From an article by Paul Snyder in The Daily Reporter:
If Dane County does not clean up its air, area builders could pay the price when federal and local governments tighten the clamps on construction equipment.
“We have improving air quality,” said Topf Wells, chief of staff for Dane County Executive Kathleen Falk. “But federal standards are only going to get tougher, and we’re going to have to continue to make sure we’re keeping up. We can’t let up at a local level.”
Wells said he expects the Environmental Protection Agency on Monday to announce violations of fine-particle pollution standards in several Midwestern counties, including Dane County. The particles come from, among other things, coal-fired plants and emissions from diesel engines.
“This is an instance of necessary regulation,” Wells said. “Particles are a health hazard, and we were found with compliance issues.”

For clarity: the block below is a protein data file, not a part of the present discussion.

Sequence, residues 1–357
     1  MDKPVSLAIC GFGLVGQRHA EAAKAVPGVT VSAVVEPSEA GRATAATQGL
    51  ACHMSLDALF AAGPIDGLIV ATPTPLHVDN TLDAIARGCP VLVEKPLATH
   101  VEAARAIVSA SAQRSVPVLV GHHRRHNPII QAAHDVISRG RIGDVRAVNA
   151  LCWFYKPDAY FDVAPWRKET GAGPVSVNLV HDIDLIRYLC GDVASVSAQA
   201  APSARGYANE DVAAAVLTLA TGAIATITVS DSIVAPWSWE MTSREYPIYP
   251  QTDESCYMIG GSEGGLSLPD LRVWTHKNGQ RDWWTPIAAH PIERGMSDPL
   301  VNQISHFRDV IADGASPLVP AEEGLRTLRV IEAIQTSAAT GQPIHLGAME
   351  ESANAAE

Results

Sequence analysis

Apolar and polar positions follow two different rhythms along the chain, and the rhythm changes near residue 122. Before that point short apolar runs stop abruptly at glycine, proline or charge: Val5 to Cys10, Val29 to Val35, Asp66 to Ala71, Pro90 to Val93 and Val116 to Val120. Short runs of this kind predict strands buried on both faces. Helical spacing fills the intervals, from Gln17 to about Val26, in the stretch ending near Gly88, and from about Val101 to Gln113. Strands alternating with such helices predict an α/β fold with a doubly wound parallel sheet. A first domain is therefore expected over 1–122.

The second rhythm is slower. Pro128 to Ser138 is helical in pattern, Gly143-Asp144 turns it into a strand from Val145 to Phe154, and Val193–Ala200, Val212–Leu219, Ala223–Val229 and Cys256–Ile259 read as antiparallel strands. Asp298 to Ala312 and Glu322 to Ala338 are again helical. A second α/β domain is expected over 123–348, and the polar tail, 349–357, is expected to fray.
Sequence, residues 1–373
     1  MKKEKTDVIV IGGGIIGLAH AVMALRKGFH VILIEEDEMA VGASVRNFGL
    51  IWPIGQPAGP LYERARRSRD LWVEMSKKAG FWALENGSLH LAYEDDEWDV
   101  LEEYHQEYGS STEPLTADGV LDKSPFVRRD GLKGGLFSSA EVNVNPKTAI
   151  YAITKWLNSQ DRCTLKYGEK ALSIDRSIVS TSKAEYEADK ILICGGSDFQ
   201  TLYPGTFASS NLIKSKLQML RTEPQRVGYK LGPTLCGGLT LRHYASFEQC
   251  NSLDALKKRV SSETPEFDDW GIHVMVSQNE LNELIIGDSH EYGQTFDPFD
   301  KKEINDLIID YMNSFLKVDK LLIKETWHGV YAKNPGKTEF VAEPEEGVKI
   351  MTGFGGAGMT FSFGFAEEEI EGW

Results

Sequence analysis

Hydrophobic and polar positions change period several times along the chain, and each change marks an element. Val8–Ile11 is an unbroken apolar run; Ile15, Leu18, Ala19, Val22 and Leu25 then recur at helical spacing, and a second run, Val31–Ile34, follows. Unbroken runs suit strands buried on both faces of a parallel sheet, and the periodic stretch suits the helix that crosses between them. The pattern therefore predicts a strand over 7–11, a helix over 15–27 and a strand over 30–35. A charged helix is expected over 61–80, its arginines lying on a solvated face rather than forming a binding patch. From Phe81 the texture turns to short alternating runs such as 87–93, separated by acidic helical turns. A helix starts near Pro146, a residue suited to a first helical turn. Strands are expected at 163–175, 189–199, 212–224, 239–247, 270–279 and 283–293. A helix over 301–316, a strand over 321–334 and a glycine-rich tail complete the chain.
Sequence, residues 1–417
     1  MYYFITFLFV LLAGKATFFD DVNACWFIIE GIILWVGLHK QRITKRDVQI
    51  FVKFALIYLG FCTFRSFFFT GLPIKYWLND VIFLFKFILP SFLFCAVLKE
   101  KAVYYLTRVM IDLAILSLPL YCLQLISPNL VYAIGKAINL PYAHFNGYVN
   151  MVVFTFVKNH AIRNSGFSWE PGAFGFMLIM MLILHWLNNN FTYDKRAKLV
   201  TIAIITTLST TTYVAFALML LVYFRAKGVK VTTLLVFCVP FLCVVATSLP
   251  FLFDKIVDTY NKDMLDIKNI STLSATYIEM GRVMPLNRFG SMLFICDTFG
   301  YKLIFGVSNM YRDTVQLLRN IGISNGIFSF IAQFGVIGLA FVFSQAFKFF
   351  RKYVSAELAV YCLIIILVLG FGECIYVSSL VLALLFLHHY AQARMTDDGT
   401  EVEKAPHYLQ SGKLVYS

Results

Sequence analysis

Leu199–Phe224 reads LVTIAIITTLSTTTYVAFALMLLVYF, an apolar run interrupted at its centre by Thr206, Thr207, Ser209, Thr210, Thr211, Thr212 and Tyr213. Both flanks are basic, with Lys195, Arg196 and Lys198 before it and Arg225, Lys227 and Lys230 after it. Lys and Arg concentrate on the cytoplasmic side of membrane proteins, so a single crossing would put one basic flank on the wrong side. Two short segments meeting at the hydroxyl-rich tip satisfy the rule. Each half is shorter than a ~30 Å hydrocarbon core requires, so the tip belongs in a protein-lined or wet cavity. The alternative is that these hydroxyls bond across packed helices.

Wells said cleaner air is on the way with Madison Gas & Electric promising to take its Blount Street plant off coal in 2011 and Gov. Jim Doyle earlier this year promising to convert state-owned, coal-fired plants to cleaner energy sources.
But Jennifer Feyerherm, associate regional representative for the Sierra Club, said Dane County still has more work to do. Although one plant will be off coal in 2011, she said, Doyle has yet to set a timeline for converting the state’s plants.
Wells said the solution might be in tighter emissions standards. If it comes to that, he said, construction and development might take a hit because many companies use diesel-fueled vehicles and machines.
But Feyerherm waved off the concern.
“Southeastern Wisconsin has been a nonattainment area for several years,” she said. “Development has not collapsed there. If we get a handle on the problem here, really, it’s only going to help us that much more.”